Goodbye To All That” continues succinctly from “Death Star” as though one continuous song but, while “Death Star” is more tense, ‘’Goodbye To All That’’ is like a release of purity, optimistic but also distant like the optimism is nothing but a fantasy. The choir-like woahs in the background add a greater sense of desperation, taking inner emotions and giving them some support.

Similarly the title track is the most stripped back, the technical layering replaced with a tender melody slowly wondering over an echoey bed. The lyrics are dark and, while they refer to Stevens’ past naivety at the way he saw the world (a trope throughout the album) and religious imagery is recurring, lines could easily be given their own personal interpretation- encompassing moments when you’re feeling lost and alone.

And now it frightens me, the thought against my chest
To think I was asking for a reason, explaining why everything’s a total mess
And now it frightens me, the dreams that I possess
To think I was acting like a believer, when I was just angry and depressed
And to everything, there is no meaning, a season of pain and hopelessness
I shouldn’t have looked for revelation, I should have resigned myself to this
I thought I could change the world around me, I thought I could change the world for best
I thought I was called in convocation, I thought I was sanctified and blessed
– “The Ascension,” Sufjan Stevens

Other songs, the singles “Video Game” and “Sugar,” have a subtle playfulness. The former is about not seeking validation in a social media dominated world and the latter about the craving for goodness and purity, the sound consistent but the lyrics with a crafted simplicity.

In contrast, “Ativan” encompasses dealing with anxiety, sonically chaotic and gloomy, while the lyrics are descriptive and matter-of-fact (the words ‘Caught up in the baby’s breath/ I shit my pants and wet the bed‘ maybe catching listeners off guard but sung in a completely straight-faced way). “Die Happy” is compiled of just four words- ‘I wanna die happy’- repeated over and over again. At a bit over five minutes long, the instrumentation represents the mood of the album, beginning like a lullaby, dreamily, then the electronics rising more aggressively before ending with the dubstep-style crashing and squeaking.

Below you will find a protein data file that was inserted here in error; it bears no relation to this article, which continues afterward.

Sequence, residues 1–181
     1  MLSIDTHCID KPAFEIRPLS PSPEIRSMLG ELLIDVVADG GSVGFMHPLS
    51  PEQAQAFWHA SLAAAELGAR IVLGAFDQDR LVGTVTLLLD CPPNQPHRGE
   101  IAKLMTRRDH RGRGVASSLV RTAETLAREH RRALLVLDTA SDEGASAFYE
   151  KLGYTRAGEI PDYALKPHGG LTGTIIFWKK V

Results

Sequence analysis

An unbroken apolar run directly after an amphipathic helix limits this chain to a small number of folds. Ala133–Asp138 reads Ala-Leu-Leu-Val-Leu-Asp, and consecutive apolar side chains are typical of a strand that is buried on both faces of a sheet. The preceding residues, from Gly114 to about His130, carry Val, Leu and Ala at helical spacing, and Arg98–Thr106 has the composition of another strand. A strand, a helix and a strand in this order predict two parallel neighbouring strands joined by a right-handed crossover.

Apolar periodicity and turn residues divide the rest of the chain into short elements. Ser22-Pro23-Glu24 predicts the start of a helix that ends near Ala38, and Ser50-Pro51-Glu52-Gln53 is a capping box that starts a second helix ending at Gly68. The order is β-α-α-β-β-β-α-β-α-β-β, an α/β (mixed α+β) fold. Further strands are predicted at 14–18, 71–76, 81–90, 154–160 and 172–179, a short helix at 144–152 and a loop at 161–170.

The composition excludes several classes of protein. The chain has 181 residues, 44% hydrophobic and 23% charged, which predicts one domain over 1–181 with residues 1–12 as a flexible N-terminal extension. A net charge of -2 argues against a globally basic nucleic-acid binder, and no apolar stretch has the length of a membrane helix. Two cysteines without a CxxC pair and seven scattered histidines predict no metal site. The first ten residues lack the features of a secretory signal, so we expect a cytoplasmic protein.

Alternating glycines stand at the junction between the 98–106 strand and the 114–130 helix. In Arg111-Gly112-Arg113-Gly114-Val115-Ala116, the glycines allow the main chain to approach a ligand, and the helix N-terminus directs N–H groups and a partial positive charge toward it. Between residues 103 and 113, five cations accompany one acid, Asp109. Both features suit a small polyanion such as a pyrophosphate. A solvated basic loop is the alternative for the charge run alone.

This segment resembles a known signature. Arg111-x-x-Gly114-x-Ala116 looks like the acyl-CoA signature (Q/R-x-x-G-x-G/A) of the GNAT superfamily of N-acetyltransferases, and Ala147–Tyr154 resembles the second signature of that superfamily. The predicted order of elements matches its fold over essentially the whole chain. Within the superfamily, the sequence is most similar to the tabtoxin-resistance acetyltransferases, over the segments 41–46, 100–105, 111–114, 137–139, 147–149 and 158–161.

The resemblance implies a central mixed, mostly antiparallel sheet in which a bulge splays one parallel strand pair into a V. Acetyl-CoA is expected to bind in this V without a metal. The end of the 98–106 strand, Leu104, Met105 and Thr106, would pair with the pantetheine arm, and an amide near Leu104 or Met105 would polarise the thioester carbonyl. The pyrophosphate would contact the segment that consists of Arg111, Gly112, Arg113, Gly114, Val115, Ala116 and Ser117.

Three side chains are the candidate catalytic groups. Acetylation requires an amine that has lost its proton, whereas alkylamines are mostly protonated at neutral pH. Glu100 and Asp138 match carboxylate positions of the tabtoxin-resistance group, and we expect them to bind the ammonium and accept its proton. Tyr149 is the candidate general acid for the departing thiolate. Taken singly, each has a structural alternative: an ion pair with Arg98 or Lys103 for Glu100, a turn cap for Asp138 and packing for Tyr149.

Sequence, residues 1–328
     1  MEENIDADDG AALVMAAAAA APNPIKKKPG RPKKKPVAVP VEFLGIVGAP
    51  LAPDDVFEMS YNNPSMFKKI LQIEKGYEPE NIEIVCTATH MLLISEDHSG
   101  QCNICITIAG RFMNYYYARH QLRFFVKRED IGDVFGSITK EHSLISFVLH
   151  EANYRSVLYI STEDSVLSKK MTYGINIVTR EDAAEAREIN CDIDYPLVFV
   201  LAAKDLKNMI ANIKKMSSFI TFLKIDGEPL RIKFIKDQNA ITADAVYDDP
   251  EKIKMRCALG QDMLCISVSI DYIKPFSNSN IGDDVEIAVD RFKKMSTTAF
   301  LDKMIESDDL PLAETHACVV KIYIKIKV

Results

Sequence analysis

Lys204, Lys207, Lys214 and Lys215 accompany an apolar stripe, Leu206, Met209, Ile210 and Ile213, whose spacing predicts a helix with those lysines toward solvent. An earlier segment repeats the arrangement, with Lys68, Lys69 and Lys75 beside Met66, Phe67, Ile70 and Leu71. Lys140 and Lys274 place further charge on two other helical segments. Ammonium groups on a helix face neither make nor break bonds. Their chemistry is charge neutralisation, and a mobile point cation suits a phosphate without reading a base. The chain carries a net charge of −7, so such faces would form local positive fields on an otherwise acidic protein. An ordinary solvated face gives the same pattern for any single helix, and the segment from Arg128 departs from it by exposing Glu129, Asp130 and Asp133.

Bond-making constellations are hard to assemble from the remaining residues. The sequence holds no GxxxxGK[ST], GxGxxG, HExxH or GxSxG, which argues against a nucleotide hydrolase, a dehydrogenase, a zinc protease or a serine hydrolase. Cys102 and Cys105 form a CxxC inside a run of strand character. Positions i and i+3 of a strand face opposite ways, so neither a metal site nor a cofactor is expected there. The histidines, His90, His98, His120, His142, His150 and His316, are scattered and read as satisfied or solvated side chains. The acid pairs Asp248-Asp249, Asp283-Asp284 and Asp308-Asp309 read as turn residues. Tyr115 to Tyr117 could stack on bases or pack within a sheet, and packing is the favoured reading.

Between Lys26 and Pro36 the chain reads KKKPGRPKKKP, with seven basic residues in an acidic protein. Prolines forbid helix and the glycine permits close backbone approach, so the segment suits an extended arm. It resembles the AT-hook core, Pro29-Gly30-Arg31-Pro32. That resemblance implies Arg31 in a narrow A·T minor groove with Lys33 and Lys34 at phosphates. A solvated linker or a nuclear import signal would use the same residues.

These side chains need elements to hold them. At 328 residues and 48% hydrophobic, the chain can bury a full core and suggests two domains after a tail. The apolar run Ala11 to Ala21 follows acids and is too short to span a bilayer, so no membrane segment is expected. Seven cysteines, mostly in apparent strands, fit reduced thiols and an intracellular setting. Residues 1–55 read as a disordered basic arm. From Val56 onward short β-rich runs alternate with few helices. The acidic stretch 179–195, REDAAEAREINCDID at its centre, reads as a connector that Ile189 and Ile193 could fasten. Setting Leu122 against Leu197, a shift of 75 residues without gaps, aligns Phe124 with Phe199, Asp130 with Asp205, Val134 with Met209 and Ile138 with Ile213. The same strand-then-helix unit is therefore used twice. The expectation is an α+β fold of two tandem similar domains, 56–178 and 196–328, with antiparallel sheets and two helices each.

The Ascension is essentially about questioning the role of guidance, in society and in Steven’s life, but the album is also like a form of guidance. For times when you are unsure of your position in the world, when stress, anger, and helplessness have taken over, music can be a way of swallowing you up and putting you at the centre of everything. Sufjan Steven’s whispery vocals are a comfort and the songs alternate between the noisy, sweet, and plain. In these cases, the duration of the album causes the listener to go through various forms of emotions so by the end of the closing track they’ve maybe screamed inside, had short periods of indifference, and also released thick fresh tears. The Ascension isn’t revolutionary (although does mark another creative approach in Sufjan Steven’s career) but it does captures the present, whether as a whole or in one’s personal life, pretty well.


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The Ascension - Sufjan Stevens

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? © 2020

The Ascension

an album by Sufjan Stevens

Dissolution of Blind Faith, Then an Awakening in Sufjan Stevens' ''America'' & ''My Rajneesh''

:: REVIEW ::